I’m fortunate to have a really great, supportive LRG based at the YMCA in my town. Group runs are scheduled at various times every day of the week and there’s usually always someone ready to jump in on whatever workout shows up on my training schedule. Still I don’t think I truly appreciated the benefit of a solid LRG until everything shut down last March and all running races cancelled or went virtual. Several sub-groups of our LRG popped up to train for and run virtual Fall races together.
The Mohawk-Hudson Marathon was on my calendar for October and promptly cancelled, as expected. A few runners in our LRG had registered for the Boston Marathon, which postponed until September. K, one of my regular running buddies, had qualified for Boston and was looking for company on long runs. Her mid-September deadline for running Boston was only a few weeks before Mohawk-Hudson, so I gladly moved up my plan so we could train and run the Marathon together. The thought of 15+ mile long runs and hill repeats in July gave me second thoughts, but 3 others were interested in the planned easy pace and wanted to join us, so why not.
Our group met every Saturday for long runs through the summer. We all live within a few miles of each other so we could easily meet at 7 AM to start. Usually I left water in my driveway for a make-shift water stop. We also left water with the cars for another stop. We planned Saturday 9/12 as Marathon day and figured Sunday 9/13 could be the rain date. Fortunately, we were blessed with cooler than expected temps and clear skies Saturday morning. It was still hot for a Marathon, but very doable.
We met in the YMCA parking lot around 7:00 AM Saturday. Four of us, K, L, J, and I were running the Marathon, another LRG member wanted to run 13.1, and 3 others joined us on bikes to carry water and provide encouragement. We… meaning “me,” designed a course consisting of 3 loops from the YMCA so we could return to our cars for water and gels. We also set up a water stop at my house with more gels and access to a bathroom. Soon water was packed on the bikes and we lined up at a Starting Line made up by another LRG member.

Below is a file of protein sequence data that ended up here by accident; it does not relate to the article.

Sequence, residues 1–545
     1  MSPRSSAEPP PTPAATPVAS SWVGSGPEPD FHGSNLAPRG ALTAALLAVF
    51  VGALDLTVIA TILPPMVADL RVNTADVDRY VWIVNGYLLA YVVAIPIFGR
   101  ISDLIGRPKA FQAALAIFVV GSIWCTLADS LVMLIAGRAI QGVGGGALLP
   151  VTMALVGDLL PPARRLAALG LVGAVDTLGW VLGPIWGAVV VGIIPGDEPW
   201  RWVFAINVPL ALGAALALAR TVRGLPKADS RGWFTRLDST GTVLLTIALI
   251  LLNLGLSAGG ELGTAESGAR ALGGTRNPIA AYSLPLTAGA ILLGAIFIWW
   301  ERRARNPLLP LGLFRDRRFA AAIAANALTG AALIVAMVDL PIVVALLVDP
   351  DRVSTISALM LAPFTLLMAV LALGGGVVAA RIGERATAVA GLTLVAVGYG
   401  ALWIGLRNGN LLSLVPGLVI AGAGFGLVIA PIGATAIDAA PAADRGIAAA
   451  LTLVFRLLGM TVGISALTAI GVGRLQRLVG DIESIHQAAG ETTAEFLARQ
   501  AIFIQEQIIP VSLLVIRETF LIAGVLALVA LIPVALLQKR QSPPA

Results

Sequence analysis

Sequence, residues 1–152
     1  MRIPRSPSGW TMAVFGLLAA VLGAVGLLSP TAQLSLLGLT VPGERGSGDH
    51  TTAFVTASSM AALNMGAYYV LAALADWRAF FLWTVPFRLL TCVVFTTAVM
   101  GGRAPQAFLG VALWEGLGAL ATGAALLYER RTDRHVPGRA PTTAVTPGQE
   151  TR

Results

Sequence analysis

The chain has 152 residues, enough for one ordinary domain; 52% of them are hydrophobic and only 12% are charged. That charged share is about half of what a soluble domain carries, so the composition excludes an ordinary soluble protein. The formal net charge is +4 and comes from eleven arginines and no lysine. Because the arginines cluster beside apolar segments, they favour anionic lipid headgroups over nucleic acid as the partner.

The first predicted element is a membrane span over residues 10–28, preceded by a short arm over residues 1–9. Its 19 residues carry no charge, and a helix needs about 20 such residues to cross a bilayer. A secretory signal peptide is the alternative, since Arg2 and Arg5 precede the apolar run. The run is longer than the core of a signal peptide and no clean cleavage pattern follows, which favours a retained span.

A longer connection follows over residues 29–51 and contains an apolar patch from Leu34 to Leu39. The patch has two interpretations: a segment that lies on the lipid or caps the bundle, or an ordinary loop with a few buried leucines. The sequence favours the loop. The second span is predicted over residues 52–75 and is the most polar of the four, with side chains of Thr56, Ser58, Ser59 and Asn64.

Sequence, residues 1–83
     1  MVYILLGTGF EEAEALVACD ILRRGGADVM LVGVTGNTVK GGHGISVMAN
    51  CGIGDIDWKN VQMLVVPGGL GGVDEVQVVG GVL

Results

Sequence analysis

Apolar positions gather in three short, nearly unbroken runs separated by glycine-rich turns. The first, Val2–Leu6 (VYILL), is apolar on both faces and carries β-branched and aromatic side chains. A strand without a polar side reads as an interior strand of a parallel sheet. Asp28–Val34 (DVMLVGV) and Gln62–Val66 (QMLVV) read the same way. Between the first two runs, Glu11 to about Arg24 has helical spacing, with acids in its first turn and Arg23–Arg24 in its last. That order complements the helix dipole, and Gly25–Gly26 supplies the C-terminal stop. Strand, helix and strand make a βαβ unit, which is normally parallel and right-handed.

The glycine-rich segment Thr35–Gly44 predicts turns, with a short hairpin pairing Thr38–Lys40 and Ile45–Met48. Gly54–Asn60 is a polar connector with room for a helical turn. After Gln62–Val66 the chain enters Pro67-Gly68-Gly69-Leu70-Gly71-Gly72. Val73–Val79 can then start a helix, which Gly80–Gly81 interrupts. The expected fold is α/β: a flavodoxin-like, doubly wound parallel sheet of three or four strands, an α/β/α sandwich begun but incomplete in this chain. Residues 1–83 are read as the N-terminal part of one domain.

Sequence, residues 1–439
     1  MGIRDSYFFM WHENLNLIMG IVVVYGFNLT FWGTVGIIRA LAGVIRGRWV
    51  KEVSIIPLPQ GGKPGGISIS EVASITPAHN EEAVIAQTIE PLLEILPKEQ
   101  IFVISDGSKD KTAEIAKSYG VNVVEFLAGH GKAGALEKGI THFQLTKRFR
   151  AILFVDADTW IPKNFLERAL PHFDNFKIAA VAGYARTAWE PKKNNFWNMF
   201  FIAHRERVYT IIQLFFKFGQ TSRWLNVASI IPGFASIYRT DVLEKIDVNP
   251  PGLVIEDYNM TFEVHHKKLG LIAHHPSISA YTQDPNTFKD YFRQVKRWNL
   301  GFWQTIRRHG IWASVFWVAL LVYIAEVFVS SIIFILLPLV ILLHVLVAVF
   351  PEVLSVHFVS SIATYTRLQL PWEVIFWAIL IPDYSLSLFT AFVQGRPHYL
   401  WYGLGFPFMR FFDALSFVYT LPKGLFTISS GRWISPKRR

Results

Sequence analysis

K had qualified for Boston. She had the app on her phone so we listened to the unofficial start for Virtual Boston, including the National Anthem and a starter’s gun. K’s Virtual Boston app is the closest I expect to come to running the Boston Marathon. Is it possible to run Virtual Boston as a bandit? We kind of did. The first loop was 11 miles with a water stop at my house. Soon we were back at the Y for water refills and more fuel. One cyclist left and another LRG member joined to run a loop with us. The second loop was 6.5 miles and we were back to the Y for our last stop before the final 8.7 miles.
Starting the third loop was tough. The sun was getting higher and the temp was close to 70 by this time. We were nearly 17 miles in by that time. Our Half Marathoner had finished and our loop 2 pacer was done. J dropped out – it just wasn’t his day to run 26.2 miles. That meant we were down to three marathoners and two cyclists. Off we went again. Running with friends is always nice. Running a Marathon with friends is even better. The miles passed by quickly. We kept up the conversation, told stories, suffered together, and motivated each other. Around mile 24 I dropped my very last Sport Bean. I mean I dropped it onto the ground. It was gone… because there was no way I could have crouched down at that point to pick it up. It felt like someone had punched me in the mouth. I guess you don’t realize just how precious every single carb is until you pass the 24 mile point and lose your last Sport Bean. Caffeinated Sport Bean. You get it if you’ve been at mile 24 a few times. Carbs and caffeine are the nectar of the Gods at that point. Fortunately, I made it through the last 2.2 miles notwithstanding the lost bean.
A few LRG members came out and set up a Finish Line, complete with a toilette paper tape. We had actually finished about 2 tenths of mile before the TP finish line and walked it in. The LRG members who set it up were mad so we ran the last 20 feet so they could take some pictures of our fake finish.
Looking back, that’s the most fun I’ve ever had running a Marathon. Running is a community and I didn’t realize how important my running community was until the Pandemic ended life as we have known it as runners. Running with friends will always be there in one form or another, but it took a pandemic to make a LRG Marathon a real thing. The support was great. The bike escort was nice.
I’m looking forward to the return of races and life without a pandemic. But, I have to say, I won’t be let down if my next Marathon is another LRG marathon just like this one.